The National Institute for Excellence in Teaching announced seven teachers of East Feliciana Public Schools earned a rank of Highly Effective, the highest possible rating, within the group's Value Added Model that measures student growth on state assessments from year to year, a news release said.
Additionally, Clinton Elementary School received a school VAM rating of Highly Effective for overall student growth.
The teachers are Schokeata Matthews, of Clinton Elementary School; Lorie Hollins, of East Feliciana High School; Sabreen Thorne and Sabrina Jones, of East Feliciana Middle School; and April Cheatham, Elizabeth Arnold and Tori Rouse-Holden, of Slaughter Elementary School.
“This recognition from NIET validates what we already know to be true,” said East Feliciana Public Schools Superintendent Keisha Netterville. “Dedicated teachers who set ambitious goals with their students, consistently and collaboratively monitor their progress towards these goals, and adjust their instruction to meet the needs of their students make a world of difference in the lives of children.”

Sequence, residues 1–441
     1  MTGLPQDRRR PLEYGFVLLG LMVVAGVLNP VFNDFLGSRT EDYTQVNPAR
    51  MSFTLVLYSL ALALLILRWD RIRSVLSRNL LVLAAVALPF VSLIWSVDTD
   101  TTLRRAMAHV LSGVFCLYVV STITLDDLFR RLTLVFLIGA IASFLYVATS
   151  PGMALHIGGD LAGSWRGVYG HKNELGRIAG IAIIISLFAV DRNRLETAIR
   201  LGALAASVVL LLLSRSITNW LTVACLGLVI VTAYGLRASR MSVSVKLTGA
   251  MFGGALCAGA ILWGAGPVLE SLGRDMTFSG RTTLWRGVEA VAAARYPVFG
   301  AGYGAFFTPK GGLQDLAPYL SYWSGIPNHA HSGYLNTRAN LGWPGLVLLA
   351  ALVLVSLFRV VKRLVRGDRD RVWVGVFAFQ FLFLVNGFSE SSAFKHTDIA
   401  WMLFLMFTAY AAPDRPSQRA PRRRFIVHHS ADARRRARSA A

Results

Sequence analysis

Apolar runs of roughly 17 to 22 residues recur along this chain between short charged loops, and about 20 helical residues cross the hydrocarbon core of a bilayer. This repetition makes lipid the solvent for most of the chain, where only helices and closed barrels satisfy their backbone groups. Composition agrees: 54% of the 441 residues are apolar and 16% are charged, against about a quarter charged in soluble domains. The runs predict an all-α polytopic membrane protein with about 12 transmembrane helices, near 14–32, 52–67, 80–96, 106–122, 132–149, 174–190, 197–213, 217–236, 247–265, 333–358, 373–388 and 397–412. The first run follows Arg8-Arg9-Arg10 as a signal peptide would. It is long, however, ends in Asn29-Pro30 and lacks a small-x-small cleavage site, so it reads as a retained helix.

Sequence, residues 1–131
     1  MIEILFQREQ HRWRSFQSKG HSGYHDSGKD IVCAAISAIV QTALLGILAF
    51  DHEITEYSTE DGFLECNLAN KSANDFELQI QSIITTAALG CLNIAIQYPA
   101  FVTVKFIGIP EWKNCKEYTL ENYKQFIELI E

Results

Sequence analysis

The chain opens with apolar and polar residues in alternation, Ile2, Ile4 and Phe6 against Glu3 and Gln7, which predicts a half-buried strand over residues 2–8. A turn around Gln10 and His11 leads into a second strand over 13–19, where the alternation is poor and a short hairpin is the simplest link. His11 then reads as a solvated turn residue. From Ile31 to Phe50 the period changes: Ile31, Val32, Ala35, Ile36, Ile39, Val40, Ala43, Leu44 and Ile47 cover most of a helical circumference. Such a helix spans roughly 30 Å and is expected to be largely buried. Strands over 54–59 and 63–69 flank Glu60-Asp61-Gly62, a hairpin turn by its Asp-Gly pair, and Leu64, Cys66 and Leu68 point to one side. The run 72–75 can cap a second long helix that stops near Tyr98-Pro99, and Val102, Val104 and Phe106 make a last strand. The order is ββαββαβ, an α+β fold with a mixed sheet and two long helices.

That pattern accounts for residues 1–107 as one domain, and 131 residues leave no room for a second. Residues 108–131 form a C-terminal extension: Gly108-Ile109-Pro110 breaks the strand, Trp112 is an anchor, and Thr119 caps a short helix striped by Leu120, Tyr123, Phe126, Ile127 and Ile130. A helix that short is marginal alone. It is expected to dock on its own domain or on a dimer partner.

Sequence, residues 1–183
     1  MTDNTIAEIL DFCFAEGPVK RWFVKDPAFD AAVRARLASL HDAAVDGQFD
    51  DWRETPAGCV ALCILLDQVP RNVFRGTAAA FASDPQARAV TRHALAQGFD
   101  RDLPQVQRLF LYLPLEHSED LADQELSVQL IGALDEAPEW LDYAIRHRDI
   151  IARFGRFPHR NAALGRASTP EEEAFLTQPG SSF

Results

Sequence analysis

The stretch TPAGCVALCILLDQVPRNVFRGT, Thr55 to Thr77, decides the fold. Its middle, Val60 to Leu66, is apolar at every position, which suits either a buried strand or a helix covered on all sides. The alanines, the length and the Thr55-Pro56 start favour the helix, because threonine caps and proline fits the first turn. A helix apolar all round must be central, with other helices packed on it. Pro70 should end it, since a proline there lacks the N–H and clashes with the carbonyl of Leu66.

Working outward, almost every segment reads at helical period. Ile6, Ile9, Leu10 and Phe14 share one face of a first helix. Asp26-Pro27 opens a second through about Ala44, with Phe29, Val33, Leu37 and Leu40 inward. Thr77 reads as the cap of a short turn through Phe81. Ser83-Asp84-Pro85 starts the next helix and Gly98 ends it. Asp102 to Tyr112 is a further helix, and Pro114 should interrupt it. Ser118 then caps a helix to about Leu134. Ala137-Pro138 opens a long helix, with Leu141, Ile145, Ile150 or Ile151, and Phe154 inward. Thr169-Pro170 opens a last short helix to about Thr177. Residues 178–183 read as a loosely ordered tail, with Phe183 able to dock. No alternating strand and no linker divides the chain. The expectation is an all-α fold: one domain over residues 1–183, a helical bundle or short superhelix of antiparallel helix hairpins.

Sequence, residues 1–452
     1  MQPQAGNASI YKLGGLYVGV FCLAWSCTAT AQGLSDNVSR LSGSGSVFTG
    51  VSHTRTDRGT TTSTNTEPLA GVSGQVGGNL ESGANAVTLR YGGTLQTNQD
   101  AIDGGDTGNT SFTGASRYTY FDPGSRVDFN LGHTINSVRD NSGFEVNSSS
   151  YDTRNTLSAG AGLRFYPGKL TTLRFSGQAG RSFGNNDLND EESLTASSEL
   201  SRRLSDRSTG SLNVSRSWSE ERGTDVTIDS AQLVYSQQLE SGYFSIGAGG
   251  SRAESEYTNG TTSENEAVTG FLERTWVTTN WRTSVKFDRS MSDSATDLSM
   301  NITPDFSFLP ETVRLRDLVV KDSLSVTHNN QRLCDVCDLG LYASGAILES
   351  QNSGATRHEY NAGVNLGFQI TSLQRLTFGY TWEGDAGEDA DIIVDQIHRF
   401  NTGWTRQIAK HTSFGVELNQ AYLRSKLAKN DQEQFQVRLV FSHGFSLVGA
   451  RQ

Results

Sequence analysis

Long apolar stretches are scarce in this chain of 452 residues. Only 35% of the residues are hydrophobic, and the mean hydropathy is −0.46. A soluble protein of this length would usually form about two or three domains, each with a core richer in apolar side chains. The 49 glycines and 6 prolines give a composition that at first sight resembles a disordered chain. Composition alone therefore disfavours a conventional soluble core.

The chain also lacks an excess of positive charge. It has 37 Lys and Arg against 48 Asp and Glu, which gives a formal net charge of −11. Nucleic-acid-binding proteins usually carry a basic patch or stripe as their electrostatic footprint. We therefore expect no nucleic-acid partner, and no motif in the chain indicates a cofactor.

Because of their instructional practices and students’ high levels of academic growth, NIET also announced this week that educators in East Feliciana Public Schools will receive this week a total of $114,989.89 in additional compensation for their performance during the 2018-19 school year.
“We know that we can never fully and appropriately compensate our East Feliciana Public School teachers for their life-changing work,” Netterville said. “But this additional performance-based compensation that our teachers have earned is a testament to their consistent hard work, their commitment to meaningful collaboration, and their outstanding instructional skills. Our implementation of TAP helps our educators thrive with purpose so they, in turn, can help our students thrive with purpose.”
NIET supports East Feliciana Public Schools’ implementation of TAP: The System for Teacher and Student Advancement. As part of TAP, teachers are able to pursue multiple career paths, including serving as career, mentor, master teachers. Those mentor and master teachers provide career teachers with weekly job-embedded professional development during which they examine student data together, engage in collaborative planning, and learn instructional strategies designed to meet the specific needs of their students.
TAP teachers are also observed in classroom instruction several times a year by multiple trained and certified observers, including principals and master and mentor teachers, using research-based rubrics for several dimensions of instructional quality. Based on the results of these observations and their students’ and school’s academic growth, teachers are able to earn additional performance-based compensation.